Saturday, April 30, 2011

Staff Ride!

This week provided a vivid reminder of why the Park was created in the first place. Established by the War Department in 1890,  Antietam, as one of the original five National Military Parks, was mandated to provide instructional venues for the education of military officers and cadets. This role and tradition continue to this day as evidenced by the three military 'staff rides" we hosted over the course of 48 hours.

The first group of 240 were medical personnel from the Army, Navy and Air Force, seen here, zooming toward the theater.  George Wunderlich of the National Museum of Civil War Medicine gave them a tour with a special emphasis on the role of the medical service at Antietam.

The second group that day was comprised of about seventy 48th Division reservists who toured the field for several hours with Range Mike.

For which they were very appreciative.

Mike was a Lt Colonel in the Army himself and has a great affinity for these groups.  Here, he receives a gift of appreciation from the leader of the group.

The third staff ride arrived yesterday and was made up of seventeen members of the U.S. Marine Corps.

It was quite a sight to see their vehicles convoying onto the grounds and parking just below Dunker Church.  Although "lean, mean, fightin' gyrines" they were very pleasant and I enjoyed a very relaxed and informative conversation with the warrant officer in charge of the group.

The vehicles themselves provided quite an attraction for visitor during their six hour stay.
these Marines really enjoyed a two-hour talk given by Antietam Park Historian, and their fellow-Marine, Ted Alexander.

Staff Rides are a great tradition which continues here at Antietam National Park, and provides us with the opportunity to give back, just a little, to those who give so much for all of us.

Ranger Mannie

Sunday, April 17, 2011

Grand Rapids Sesquicentennial Event

For me, a return to Michigan, is a return to where my childhood interest in the Civil War took root.  And here I was, two days following the 150th anniversary of the opening guns, back in Michigan, a guest speaker for the Grand Rapids Historical Society.  The subject?  Antietam.

The view from our room took in the north end of town.  Grand Rapids is bisected by the Owastanong River (called by non-natives the "Grand").  

The river is a focal point of the city, and has been made that way in the last twenty years in a very conscious and laudable manner by the city planners.  The new convention center (right) and the Gerald R. Ford Presidential Museum (left) follow the modern trend of facing the river, a river which in previous generations was merely a dumping ground for the many factories and foundries of the "Furniture City".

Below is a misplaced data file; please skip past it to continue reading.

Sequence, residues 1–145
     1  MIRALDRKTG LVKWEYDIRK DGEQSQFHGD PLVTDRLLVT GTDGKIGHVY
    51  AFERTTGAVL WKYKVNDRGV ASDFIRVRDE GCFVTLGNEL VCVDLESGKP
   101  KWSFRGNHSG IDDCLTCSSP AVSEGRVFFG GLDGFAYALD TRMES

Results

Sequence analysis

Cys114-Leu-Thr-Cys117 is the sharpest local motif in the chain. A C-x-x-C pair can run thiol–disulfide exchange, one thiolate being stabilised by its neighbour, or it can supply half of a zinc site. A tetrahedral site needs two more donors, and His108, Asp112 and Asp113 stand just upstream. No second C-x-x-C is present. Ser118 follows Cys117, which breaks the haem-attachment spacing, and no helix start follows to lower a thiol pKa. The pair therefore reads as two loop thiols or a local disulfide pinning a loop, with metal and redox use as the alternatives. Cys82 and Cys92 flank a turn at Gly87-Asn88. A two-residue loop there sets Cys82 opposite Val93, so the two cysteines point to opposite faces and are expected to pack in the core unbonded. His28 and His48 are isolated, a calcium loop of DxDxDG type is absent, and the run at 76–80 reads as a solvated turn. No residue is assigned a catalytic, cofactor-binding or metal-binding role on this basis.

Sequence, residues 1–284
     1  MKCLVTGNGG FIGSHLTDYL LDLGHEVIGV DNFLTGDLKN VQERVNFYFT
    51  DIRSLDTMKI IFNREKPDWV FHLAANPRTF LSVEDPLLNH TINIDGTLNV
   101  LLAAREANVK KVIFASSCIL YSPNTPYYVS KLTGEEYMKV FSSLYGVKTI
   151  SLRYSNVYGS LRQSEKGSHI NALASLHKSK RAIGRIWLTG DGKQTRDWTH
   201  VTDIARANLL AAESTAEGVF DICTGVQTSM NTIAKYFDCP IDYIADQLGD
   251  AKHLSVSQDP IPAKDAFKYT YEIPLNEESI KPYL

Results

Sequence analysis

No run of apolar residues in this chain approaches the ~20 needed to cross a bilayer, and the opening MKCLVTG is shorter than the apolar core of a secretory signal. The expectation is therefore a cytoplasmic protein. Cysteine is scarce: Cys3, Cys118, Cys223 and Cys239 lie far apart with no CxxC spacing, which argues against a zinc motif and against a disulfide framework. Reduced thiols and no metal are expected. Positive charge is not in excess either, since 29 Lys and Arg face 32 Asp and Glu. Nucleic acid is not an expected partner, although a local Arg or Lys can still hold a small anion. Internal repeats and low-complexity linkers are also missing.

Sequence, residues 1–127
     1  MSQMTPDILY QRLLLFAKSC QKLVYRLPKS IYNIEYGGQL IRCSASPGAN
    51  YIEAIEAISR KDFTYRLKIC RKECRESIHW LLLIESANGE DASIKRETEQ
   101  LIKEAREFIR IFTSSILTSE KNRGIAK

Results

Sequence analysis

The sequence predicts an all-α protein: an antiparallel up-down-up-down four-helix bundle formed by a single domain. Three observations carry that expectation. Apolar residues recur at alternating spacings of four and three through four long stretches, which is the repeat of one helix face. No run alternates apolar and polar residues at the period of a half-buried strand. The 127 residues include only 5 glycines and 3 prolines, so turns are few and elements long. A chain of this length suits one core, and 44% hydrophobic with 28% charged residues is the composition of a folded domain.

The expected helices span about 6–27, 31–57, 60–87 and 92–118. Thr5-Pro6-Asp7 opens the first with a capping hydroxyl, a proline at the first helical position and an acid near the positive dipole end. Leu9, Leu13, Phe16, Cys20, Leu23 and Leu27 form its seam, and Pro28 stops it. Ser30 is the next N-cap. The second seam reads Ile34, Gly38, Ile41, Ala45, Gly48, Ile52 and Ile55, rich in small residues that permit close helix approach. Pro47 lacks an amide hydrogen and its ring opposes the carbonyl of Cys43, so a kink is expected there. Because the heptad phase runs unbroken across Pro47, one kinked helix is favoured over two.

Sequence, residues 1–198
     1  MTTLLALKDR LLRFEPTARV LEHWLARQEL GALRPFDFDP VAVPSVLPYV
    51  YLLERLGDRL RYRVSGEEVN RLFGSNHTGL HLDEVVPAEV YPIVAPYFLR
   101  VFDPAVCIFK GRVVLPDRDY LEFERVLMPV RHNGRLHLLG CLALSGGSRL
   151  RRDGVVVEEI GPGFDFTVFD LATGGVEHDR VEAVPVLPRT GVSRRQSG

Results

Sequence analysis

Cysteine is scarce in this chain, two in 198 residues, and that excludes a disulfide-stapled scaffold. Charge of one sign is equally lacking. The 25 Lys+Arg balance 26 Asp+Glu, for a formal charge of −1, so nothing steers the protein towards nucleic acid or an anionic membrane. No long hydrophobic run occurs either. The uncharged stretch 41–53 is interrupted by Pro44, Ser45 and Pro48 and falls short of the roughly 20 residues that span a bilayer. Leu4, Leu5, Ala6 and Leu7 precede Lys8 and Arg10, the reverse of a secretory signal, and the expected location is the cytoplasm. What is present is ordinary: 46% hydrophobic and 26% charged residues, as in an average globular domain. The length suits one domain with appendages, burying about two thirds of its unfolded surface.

On the morning of the evening of my talk I did a half hour television program at the local PBS affiliate; WGVU.  It was a very pleasant, very brief,  26-minute "History 101" class with the young and affable host, Patrick Center

Here I am next to that other Park Ranger from Grand Rapids Michigan, Jerry Ford.


On the evening of my talk I was informed that it was the largest audience ever (SRO no less), they even had to set up an overflow room with a simulcast.  Apparently I still owe a lot of people money in West Michigan.

My old friend from museum days and president of the Grand Rapids Historical Society, Gina Bivins opened the show, and I was introduced by my friend and the vice president of the Grand Rapids Civil War Round Table John Gelderloos.

The talk was very well received, and it was positively amazing to look out into that audience and see so many familiar and friendly faces, even my very first boss was in the crowd.

There were some kids in the audience, and considering that they are in the position that I was fifty years ago on the eve of the centennial, I gave them special attention

Whether folks had come out just to catch up with me or to learn about Antietam, either way, it was a wonderful event and I promised all in attendance that they'd appear on my blog.

It was an altogether delightful evening.  At supper afterwards at the good old Cottage Bar, even the mayor, George Heartwell, stopped by to say hello.  

I guess, sometimes, you can go home again.

Back in Boonsboro,

Ranger Mannie

Wednesday, April 13, 2011

Grand Rapids Sojourn

We left the rain behind around Pittsburgh and it was sunny and smooth sailing all the way to Michigan. Twelve hours exactly. I'm showing Susan around and she already witnessed me getting a hug from another woman (won't be the only incidence, I think )my old public access TV and museum pal Theresa Tome.

This is where I'll be speaking tomorrow evening.

This is where I used to work.

Our hotel is within walking distance from just about everything.

It's nice to be back for a visit.

Spreading the Civil War gospel to the midwest,

Ranger Mannie

Tuesday, April 12, 2011

Monday, April 04, 2011

See you in Grand Rapids!

Leaving the Valley next week to visit the old stomping grounds and give a show.

Link here